NAMI San Joaquin, the local branch of the National Alliance on Mental Illness, will sponsor two peer-based workshops for the community starting in January. The workshops will both serve to help families and individuals dealing with mental health challenges.

One of the programs offered will be a collaboration between San Joaquin County Behavioral Health Services and NAMI San Joaquin County, the Provider Education Program. The program consists of five training sessions for mental health providers, created in alliance with those who use mental health services and their family members.

The Provider Education Program takes real-world examples and reflection from families and individuals dealing with mental health challenges, to share information and perspective that can be implemented by mental health providers. Then, providers can use those tools in their treatment and when working with families of patients.

The provider series is based on NAMI’s Family-To-Family Education, which helps family members understand mental illness and talk through any challenges they’re facing.

“The stigma surrounding mental illness makes it hard for families to understand what is going on, and how to cope with it,” said Irene Sherman, the Lodi-area contact and facilitator for NAMI.

Sherman, whose son faces mental health challenges, became active with NAMI to help her better accept her son’s illness.

“Many people are unaware that mental health is like any other disease, except it affects a person’s brain instead of their body,” Sherman said.

Sherman believes that the reason that people struggle with reaching out for help with mental health issues is that society has little knowledge about such struggles. Because of that, people look to hide the fact that they or someone they know struggles with depression, bipolar disorder or another mental illness.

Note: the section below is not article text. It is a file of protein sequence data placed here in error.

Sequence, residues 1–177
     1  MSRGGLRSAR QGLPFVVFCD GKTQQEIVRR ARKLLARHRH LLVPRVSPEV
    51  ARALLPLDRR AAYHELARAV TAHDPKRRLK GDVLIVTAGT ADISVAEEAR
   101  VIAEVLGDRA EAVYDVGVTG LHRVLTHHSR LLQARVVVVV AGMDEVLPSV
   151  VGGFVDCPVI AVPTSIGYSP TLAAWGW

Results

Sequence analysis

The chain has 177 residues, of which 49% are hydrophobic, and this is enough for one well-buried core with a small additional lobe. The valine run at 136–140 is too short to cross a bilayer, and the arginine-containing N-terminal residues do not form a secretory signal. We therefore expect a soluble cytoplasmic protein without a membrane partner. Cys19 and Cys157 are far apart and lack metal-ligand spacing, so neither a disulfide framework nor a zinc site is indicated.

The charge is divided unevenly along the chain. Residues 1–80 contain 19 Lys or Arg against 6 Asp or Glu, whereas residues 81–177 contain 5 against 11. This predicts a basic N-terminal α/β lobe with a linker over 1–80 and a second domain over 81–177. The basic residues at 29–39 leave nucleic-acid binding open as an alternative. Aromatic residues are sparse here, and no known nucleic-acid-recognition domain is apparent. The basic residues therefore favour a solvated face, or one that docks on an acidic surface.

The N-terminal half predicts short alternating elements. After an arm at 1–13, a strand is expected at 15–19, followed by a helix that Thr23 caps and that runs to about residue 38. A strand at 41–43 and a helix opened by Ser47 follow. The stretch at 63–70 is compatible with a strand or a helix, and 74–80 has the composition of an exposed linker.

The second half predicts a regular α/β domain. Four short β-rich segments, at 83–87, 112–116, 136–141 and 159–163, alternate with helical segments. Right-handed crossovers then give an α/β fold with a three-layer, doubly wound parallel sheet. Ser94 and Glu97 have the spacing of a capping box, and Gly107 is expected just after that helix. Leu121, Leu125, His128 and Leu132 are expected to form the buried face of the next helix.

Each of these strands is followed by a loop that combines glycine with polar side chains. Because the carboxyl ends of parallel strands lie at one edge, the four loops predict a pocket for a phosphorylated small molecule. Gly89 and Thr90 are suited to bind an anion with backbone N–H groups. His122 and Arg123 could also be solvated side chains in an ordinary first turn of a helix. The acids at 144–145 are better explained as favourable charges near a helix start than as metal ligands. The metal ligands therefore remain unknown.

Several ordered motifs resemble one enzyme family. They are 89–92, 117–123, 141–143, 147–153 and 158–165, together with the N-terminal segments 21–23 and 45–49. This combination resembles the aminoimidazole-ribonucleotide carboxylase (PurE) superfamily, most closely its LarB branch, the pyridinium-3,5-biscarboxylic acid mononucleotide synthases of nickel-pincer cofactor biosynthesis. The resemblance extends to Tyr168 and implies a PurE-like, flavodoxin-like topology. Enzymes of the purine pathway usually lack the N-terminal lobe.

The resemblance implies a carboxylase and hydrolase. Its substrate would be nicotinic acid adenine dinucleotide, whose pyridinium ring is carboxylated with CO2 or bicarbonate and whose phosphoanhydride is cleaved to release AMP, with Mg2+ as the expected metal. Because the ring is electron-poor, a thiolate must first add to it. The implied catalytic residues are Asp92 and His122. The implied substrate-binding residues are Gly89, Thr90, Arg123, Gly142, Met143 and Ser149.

For people struggling with mental health challenges of their own, NAMI San Joaquin is also sponsoring a Peer to Peer Education Program. The course is specifically designed for adults living with mental health challenges. The program is a 10-session course held once a week for (2 hours), and it is taught by trained mentors living in recovery themselves.

Peer to Peer provides an educational setting focused on recovery that offers respect, understanding, encouragement and hope, NAMI San Joaquin said in a press release. Mentors in recovery teach the class, showing their peers that dealing with a mental health challenge is possible.

“It is important for families and individuals dealing with mental health issues to realize that the disease is not the person,” Sherman said.

The largest misconception about mental health is that people may be seen as synonymous with their illness, she said.

“People need to learn to separate the person from the health challenge,” Sherman said.

NAMI seeks to help people recognize and confront mental health stigma, and see that there is a light at the end of the tunnel. It also connects families and individuals with local resources and treatment.

NAMI offers many services available on their website. For more information, visit

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